11,630 333 4
FOCUS
Immunopathogenesis of psoriasis
Rajiv Joshi
January-February 2004, 70(1):10-12
PMID:17642549
Psoriasis is an immunologically mediated disease caused by activation of T lymphocytes that elaborate a Th1 type of immune response. Targeted manipulation of the various mechanisms involved in T cell activation and blockade or inactivation of the various proinflammatory cytokines released by the process of T cell activation are methods used in treatment of psoriasis by use of ‘biologicals’.
  8,953 818 8
CASE REPORT
Segmental anhidrosis with hyporeflexia associated with congenital spinal deformity: A Ross’s syndrome variant or inverse Horner’s syndrome?
M PS Sawhney, YK Sharma, N Singh
January-February 2004, 70(1):29-32
PMID:17642554
A 39-year-old soldier presented with anhidrosis affecting both upper extremities below the shoulders, the right side of the trunk below the third rib in front and the third vertebra on the back, and the left lower extremity below the inguinal ligament since 1992. Ten years later in 2002, he was also found to have bilateral absence of Achilles reflex and decreased right knee jerk. In addition, the patient was found to have congenital spinal abnormalities in the form of block of vertebrae C3-C4; decreased disc space C4-C5; and break in pars interarticularis L5-S1 with decreased disc space. A total of seven cases of Ross syndrome, Holmes-Adie syndrome (tonic pupil with lost tendon jerks) with segmental anhidrosis, have been described in the literature. Our case, however, did not have any pupillary abnormality. A case of progressive isolated segmental anhidrosis has also been described. The association of congenital spinal abnormality, which may be pathognomonic in the causation of this progressive sudomotor degeneration, is quite interesting in our case. The distribution of anhidrosis on the right side is just below the level of sweating loss sometimes described in lesions of superior sympathetic cervical ganglion in Horner’s syndrome.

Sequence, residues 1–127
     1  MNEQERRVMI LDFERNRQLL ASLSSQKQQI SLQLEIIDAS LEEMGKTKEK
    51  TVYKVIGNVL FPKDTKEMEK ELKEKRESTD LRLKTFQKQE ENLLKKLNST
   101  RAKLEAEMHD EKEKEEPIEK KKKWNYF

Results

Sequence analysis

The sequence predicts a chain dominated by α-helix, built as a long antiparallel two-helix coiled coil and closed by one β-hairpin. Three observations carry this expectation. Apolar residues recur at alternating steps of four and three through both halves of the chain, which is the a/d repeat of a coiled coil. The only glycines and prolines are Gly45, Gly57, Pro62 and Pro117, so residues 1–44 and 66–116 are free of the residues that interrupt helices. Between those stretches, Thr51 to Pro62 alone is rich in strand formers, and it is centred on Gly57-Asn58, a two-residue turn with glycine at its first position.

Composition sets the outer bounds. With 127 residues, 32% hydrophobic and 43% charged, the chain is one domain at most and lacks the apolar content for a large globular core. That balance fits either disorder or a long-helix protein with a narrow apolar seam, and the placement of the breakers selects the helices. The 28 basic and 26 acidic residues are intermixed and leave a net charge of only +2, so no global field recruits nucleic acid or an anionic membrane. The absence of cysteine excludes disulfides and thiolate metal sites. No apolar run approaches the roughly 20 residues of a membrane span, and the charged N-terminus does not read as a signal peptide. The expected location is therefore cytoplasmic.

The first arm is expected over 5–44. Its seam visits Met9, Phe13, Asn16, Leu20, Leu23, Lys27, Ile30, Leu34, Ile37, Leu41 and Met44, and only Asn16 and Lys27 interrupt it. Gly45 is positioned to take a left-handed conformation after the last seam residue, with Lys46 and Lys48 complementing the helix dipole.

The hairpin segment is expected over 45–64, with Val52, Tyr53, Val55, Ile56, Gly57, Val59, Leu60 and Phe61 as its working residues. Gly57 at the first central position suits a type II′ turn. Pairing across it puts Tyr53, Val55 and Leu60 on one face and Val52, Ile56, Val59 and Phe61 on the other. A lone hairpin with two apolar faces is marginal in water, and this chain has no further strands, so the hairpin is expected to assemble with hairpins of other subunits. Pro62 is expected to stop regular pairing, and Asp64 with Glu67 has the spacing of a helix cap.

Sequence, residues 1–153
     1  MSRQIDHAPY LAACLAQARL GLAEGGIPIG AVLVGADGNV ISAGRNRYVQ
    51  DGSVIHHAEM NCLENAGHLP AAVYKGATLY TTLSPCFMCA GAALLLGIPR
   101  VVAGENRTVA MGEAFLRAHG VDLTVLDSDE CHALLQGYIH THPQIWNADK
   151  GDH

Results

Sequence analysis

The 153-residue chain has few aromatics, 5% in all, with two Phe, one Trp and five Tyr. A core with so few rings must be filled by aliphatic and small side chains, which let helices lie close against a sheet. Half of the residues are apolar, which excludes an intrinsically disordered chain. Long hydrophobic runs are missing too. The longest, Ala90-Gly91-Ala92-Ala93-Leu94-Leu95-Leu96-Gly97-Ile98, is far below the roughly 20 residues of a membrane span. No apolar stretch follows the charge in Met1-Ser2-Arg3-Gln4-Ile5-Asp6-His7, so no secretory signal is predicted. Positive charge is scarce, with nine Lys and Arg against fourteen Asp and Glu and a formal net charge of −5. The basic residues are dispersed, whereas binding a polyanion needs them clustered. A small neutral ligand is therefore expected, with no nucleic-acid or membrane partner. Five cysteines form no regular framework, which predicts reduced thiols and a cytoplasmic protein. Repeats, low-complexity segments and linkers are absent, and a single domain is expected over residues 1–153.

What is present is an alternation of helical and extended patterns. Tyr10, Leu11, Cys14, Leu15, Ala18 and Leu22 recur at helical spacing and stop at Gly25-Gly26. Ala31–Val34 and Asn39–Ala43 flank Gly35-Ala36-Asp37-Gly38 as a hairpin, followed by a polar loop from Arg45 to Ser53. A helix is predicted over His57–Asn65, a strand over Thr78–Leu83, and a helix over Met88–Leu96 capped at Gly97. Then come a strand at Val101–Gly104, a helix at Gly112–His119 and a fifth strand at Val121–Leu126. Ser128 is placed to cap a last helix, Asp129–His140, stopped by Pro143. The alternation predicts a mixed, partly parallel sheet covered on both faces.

9,471 166 1
LETTER TO EDITOR
Hiccups following steroid oral mini-pulse (OMP) therapy
S Chidambara Murthy, MM Udagani
January-February 2004, 70(1):47-47
PMID:17642562
  8,029 128 1
Serum sickness like reaction with minocycline
Nilendu Sarma, Subrata Malakar, Koushik Lahiri, Uttam Banerjee
January-February 2004, 70(1):43-44
PMID:17642559
  7,841 136 -
STUDIES
Multicenter, open-label, non-comparative study of a combination of polytar and zinc pyrithione shampoo in the management of dandruff
Shailendra N Sawleshwarkar, Viraj Salgaonkar, Chetan Oberai
January-February 2004, 70(1):25-28
PMID:17642553
Background: Dandruff is a common condition in clinical practice. We undertook a study to evaluate the efficacy and safety of a combination of zinc pyrithione and polytar in a shampoo base for the treatment of dandruff. Methods: A combination of polytar (1%) and zinc pyrithione (1%) was used for 4 weeks to treat 954 patients suffering from mild to severe dandruff. Scoring of dandruff was done on a 0-10 scale for each of the 6 regions of scalp at weeks 0, 2, 4 and 6. Follow up was for 2 weeks. Results: There was consistent improvement in dandruff scores over the treatment and the follow up period. There was significant improvement in signs and symptoms such as erythema and itching, with a negligible adverse event profile. The global assessment by investigators showed good-excellent results in the majority of patients and there was high acceptability for the treatment among the patients. Conclusion: A combination shampoo of polytar (1%) and zinc pyrithione (1%) offers a safe and effective option in the treatment of dandruff and its associated symptoms.
  7,545 370 3
RESIDENTS«SQ» PAGE
Pseudolymphoma syndrome revisited
Ashima Goel, R LS Walia
January-February 2004, 70(1):48-51
PMID:17642563
  7,393 397 1
STUDIES
Sweat function in the diabetic foot
Nirmala Markendeya, Martina V, Anil Mathew, CR Srinivas
January-February 2004, 70(1):18-19
PMID:17642551